[이데일리 유진희 기자] The global problems of the pharmaceutical and biological industry were collected for one week (19 September ~ 25 September). This week, the news about depression attracted attention.
The United States Special Committee on Disease Prevention (USPSTF) recommends that all adults be screened for depression and anxiety disorders. It is based on research findings showing that it is effective in the prevention of depression and anxiety disorders.
According to Healthday News, the study results were published by Dr. Elizabeth O’Connor’s research team at the Kaiser Permanent Research Center’s Evidence-Based Practice Center.
The research team summarized data from a total of 173 related research papers (totaling 8.5 million subjects). As a result, the depression test was found to have the effect of reducing the incidence of depression or clinically significant depression after 6-12 months. Anxiety disorder tests also had similar effects.
However, only adults under the age of 64 (including pregnant and giving birth women) were required to take the anxiety disorder test. According to the special commission, there is not enough evidence to judge the benefits or drawbacks of the anxiety disorder test for seniors over the age of 65.
The recommendations are published online as draft recommendations. The final decision will be made after a public hearing by 17 October. The guidelines issued by the Special Committee are not binding. However, the USPSTF guidelines provide the basis for health insurance companies to determine reimbursement standards for drugs or treatments.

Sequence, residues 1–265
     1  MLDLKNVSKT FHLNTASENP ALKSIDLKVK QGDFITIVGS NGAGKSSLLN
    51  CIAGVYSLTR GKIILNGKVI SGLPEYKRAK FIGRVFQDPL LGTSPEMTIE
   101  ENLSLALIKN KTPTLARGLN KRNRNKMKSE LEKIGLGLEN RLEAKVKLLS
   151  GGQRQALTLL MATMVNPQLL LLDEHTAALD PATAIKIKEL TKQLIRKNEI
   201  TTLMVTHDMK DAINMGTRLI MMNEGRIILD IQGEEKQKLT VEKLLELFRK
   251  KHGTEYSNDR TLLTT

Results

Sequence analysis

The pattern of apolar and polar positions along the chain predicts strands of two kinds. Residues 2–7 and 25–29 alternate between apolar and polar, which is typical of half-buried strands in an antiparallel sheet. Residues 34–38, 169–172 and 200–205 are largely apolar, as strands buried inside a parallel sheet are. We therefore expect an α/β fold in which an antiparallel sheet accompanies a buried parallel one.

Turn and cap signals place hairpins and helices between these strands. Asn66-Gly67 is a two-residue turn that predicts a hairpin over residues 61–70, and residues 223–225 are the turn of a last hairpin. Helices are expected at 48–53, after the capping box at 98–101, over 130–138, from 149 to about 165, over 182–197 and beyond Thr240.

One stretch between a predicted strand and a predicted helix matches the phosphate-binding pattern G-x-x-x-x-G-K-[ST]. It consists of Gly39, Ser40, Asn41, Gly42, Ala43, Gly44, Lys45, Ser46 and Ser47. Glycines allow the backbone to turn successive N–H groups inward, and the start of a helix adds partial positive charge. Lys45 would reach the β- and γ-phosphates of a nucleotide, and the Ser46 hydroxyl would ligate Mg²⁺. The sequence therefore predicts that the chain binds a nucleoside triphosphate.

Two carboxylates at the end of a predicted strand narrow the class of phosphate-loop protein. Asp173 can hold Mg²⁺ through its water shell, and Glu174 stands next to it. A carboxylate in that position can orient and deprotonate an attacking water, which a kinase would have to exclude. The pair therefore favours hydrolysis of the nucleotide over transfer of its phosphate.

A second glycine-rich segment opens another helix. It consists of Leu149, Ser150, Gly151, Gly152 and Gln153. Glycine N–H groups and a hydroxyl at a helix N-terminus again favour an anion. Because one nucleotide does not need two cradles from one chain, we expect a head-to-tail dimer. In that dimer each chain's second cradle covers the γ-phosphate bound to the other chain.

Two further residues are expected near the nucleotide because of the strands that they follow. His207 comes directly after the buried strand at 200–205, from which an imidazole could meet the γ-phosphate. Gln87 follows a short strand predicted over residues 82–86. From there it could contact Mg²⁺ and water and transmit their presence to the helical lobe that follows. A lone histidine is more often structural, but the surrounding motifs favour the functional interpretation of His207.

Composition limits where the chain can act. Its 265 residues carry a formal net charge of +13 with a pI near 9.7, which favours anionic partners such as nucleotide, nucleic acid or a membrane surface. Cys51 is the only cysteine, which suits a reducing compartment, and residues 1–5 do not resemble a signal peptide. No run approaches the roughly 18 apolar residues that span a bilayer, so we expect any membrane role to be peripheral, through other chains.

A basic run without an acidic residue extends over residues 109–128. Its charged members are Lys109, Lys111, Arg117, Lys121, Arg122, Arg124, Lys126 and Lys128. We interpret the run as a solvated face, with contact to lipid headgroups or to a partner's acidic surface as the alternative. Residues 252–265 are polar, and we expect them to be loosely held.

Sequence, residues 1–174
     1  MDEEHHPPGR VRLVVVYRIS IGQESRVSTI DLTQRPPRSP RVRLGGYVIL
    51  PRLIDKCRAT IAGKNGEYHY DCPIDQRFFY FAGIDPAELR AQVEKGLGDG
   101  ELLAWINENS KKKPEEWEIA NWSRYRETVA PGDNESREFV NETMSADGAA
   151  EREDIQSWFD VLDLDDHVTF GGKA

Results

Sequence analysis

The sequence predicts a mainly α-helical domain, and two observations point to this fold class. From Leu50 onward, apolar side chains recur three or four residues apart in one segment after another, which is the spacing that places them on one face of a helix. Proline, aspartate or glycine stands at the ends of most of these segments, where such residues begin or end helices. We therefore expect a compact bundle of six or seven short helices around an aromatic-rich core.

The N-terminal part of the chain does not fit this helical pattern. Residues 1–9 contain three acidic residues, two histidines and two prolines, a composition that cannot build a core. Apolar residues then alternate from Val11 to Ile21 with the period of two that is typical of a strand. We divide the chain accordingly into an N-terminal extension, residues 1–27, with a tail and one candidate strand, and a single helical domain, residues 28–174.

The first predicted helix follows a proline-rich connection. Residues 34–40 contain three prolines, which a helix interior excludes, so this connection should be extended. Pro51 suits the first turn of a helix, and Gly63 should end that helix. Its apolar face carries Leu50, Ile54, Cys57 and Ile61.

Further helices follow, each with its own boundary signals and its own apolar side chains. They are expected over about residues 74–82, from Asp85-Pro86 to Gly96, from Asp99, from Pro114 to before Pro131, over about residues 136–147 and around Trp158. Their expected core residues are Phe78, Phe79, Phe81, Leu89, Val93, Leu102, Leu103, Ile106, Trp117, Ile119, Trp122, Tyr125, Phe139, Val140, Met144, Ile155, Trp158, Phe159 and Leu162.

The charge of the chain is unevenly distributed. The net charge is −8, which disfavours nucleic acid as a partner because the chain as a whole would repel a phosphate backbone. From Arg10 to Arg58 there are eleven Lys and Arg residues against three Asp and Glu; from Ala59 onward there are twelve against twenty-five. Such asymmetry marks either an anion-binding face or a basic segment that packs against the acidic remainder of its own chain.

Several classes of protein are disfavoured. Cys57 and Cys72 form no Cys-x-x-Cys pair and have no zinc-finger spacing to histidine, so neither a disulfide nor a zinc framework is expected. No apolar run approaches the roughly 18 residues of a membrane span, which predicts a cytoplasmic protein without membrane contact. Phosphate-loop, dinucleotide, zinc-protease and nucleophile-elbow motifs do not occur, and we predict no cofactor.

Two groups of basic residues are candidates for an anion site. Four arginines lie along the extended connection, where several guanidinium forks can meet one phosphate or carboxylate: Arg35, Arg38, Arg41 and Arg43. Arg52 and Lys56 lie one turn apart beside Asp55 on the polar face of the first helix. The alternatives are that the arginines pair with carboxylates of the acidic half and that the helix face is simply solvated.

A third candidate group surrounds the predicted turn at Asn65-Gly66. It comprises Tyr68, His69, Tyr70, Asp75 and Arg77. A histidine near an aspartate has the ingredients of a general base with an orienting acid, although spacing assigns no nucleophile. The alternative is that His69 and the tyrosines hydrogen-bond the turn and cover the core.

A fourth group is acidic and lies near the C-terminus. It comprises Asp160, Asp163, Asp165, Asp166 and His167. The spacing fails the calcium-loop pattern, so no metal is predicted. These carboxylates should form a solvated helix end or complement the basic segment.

Meanwhile, studies have shown that supplementing with vitamin D can help relieve depression. According to Healthday News, a research team led by Professor Tuomas Mikola of the Institute of Clinical Medicine of the Eastern University of Finland has published a study showing that vitamin D supplementation is effective in relieving mild clinical depression and the disorder. major depressive (MDD).
DCS is the most common type of depression. It is diagnosed when a depressed mood, loss of interest or appetite, sleep disturbances, feelings of worthlessness, fatigue or suicidal thoughts persist for at least 2 weeks.
The research team comprehensively analyzed data from 41 randomized controlled trials (totaling 53,235 study participants) published so far. Consequently, taking vitamin D supplements with a daily intake of 2000 IU (international unit) or less has a positive effect in relieving depression. The neuroactive steroid and immune action of vitamin D is known to modulate the physiological mechanisms associated with depression.
The research team suggested that to confirm this effect of vitamin D, it is necessary to conduct a clinical study in which vitamin D supplements are administered concurrently with standard treatment for depression.
Vitamin D is synthesized in the body through skin exposed to the sun’s ultraviolet rays. Sun exposure provides 90% of the vitamin D our body needs. The results of this study were published in the latest issue of ‘Critical Reviews in Food Science and Nutrition’.